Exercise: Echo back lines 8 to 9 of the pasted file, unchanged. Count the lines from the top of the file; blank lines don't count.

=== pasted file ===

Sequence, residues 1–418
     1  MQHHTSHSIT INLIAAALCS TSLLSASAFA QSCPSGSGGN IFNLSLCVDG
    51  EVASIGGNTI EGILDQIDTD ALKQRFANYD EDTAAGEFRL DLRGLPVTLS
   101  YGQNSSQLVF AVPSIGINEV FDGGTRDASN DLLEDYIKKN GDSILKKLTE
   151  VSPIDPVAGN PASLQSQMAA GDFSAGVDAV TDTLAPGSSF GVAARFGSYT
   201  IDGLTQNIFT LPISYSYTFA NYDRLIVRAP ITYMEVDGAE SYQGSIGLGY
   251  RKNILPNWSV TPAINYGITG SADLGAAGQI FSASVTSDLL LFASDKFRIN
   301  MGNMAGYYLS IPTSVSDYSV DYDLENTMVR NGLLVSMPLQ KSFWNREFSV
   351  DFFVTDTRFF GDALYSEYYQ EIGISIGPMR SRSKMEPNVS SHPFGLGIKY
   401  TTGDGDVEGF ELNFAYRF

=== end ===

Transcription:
   301  MGNMAGYYLS IPTSVSDYSV DYDLENTMVR NGLLVSMPLQ KSFWNREFSV
   351  DFFVTDTRFF GDALYSEYYQ EIGISIGPMR SRSKMEPNVS SHPFGLGIKY